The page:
MUSTANG TALES: Bringing the Reader to the Range, "Counting Mustangs"

MUSTANG TALES:  Bringing the Reader to the Range

© Kathryn Wilder


They say a picture is worth a thousand words, but in this instance the absence of photographs might say more.

            We’re driving. And we keep driving, farther, longer, TJ navigating as we pass through the folds of Wyoming. In Lander we get gas, and our bearings. Sort of. We know where we’re headed but aren’t sure how to get there.00

            We drive on. We’re in aspens, driving south through the winter-white trunks, through snow clinging to the north slopes of the Wind River Range. Higher than 7,000 feet, the aspens are barely beginning to bud. It’s April, almost May. We top the final pass and start down toward another mustang desert: the Great Divide Basin.

            We choose our entry. There are signs of BLM but no BLM signs that say anything about the herd management area for which we search. We guess that a cattleguard marks a boundary and stop for bare minutes to examine the map, trying to locate ourselves in the bigness of off-highway Wyoming. Off-asphalt and blacktop Wyoming. We’re on Wyoming dirt, as in dirt road, but where? Oil and gas roads crisscross before us. We take a poorly marked road leading into—we hope—the herd management area from which my mustang Maka was removed in 2011. It has become my obsession to see his birthland and his relations.

            Onward along graveled miles followed by washouts, TJ now driving, we scan the broad valley bottoms and distant rising hills. We spot two mustangs in afternoon shadow—a stallion and a mare grazing at the base of a hill. We’re not close enough for photos or to see colors other than dark, even through binoculars—bay, dark gray, black? We watch for a moment, not guessing that this is the closest we’ll get to horses within this HMA.

            Pronghorns by the dozens stir the views but for a long while the only additional activity we sense is the change in the slant of sunlight and the Subaru moving along the dirt road. Even stud piles are scarce. After another rough patch we sight a band of horses far across the dry valley floor. Maybe two bands.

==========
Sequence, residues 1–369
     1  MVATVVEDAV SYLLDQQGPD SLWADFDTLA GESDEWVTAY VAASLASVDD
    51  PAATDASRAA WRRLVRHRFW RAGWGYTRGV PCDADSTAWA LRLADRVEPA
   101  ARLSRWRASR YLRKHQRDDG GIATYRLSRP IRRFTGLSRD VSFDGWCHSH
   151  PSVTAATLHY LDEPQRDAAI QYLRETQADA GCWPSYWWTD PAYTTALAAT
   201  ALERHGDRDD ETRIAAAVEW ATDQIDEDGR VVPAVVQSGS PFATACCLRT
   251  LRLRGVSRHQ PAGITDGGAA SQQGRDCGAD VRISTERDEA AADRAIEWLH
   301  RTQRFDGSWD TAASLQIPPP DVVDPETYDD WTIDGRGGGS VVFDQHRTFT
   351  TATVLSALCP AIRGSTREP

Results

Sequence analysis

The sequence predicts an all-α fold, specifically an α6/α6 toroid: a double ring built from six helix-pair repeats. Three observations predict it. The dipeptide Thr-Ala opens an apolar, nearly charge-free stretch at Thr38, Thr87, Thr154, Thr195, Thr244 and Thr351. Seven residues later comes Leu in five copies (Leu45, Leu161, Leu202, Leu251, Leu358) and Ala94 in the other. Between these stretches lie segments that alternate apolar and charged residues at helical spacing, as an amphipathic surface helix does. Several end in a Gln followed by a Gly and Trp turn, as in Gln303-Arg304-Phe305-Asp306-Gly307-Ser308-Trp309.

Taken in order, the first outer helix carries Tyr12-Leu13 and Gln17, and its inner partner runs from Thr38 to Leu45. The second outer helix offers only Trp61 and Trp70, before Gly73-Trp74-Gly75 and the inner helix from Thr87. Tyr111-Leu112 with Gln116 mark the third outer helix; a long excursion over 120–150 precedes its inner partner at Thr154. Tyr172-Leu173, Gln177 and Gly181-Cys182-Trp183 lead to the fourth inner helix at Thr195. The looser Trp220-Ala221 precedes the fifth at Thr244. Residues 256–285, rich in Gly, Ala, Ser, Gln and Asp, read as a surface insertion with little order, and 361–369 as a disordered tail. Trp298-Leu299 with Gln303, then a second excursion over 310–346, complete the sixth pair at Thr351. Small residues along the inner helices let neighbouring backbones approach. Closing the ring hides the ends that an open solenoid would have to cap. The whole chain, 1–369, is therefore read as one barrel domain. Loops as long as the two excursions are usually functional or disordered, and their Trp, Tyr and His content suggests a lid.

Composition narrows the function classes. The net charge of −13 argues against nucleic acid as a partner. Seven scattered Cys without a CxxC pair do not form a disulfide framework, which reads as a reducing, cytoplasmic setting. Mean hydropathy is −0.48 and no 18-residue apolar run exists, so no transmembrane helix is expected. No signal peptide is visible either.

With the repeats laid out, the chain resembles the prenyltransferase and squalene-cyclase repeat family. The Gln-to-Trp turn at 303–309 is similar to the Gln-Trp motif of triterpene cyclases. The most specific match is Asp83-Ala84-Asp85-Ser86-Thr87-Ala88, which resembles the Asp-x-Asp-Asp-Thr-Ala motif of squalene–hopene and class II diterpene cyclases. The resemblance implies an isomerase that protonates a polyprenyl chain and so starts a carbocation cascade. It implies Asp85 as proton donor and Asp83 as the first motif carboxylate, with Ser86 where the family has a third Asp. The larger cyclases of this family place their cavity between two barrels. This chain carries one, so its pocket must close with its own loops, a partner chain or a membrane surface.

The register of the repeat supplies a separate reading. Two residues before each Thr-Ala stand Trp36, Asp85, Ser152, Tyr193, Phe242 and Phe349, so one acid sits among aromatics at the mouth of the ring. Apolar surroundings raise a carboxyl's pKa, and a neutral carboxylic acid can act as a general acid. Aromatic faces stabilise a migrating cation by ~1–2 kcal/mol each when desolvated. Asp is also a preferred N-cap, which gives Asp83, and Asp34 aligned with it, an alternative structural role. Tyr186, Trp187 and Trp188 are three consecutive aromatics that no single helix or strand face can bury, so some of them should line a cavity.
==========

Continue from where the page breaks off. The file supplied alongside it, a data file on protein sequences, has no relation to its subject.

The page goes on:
I want out of the car. I want to venture closer. I want to see horses—Maka’s distant relatives—up close. I want to walk. I want TJ’s photos. I want a lot.

            “There’s not enough light,” TJ says.

            It’s true, I know. But I want to see horses. We’ve driven a long way for this, I think.        

            “And we don’t know how far we have to go before we hit pavement,” she says. Also true, well over an hour already on this rough road that we think maybe we see on the map, and if we’re correct there’s more unimproved road in front of us than behind us. We have lots of fuel and a spare donut tire, just not enough daylight as the sun continues its slow slide west.         

            My eyes strain through binoculars. Even counting these distant horses is difficult. Seven, I think, including one foal.  I give. “Okay,” I say, and TJ resumes the Subaru’s crawl across the desert.            

            Before we leave what we think is still the herd management area, we see another small, hazy band. Dusk competes with distance—even if we walked and got close we would not see these mustangs well enough to photograph or identify.           

            “That makes 15 horses,” I say. “Total.”           

            We recount mustangs in our minds and figure out the mileage as we move on through the descending darkness toward the speeding lights of Interstate 80—the first lights, or signs of other vehicles, we’ve seen in three hours. Eighty miles of dirt road, 70 miles of which was within Divide Basin Herd Management Area. Three hours, 70 miles, 15 horses.          

            What we don’t understand, what we will talk about for days and weeks into months, is how this huge herd management area (778,915 acres, 562,702 acres of which are BLM public lands; the remainder of these “checkerboard” lands are “private” or state), a range that “can support between 415 and 600 head of wild horses,” according to BLM, has “too many.” The official 2016 count indicated that 272 of the 542 wild horses within Divide Basin HMA were on checkerboard lands, despite the 2014 roundup and removal of 527 horses, which left just 91 horses in Divide Basin Herd Management Area (again according to BLM), well below the allotted number. And now, two years later, BLM says it needs to remove more.       

            Ninety-one mustangs left after the 2014 roundup explains our low sighting. It explains no photographs. But it does not explain the jump to too many mustangs running wild—from 91 to 542 in two years? We saw 15 distant horses in 70 miles of the “the big empty,” as people call the Red Desert that holds Great Divide Basin and the Divide Basin HMA. It certainly felt empty to us. Full of sky and pronghorns and sagebrush and space, empty of horses.


Kathryn Wilder ( ) lives among mustangs in southwestern Colorado.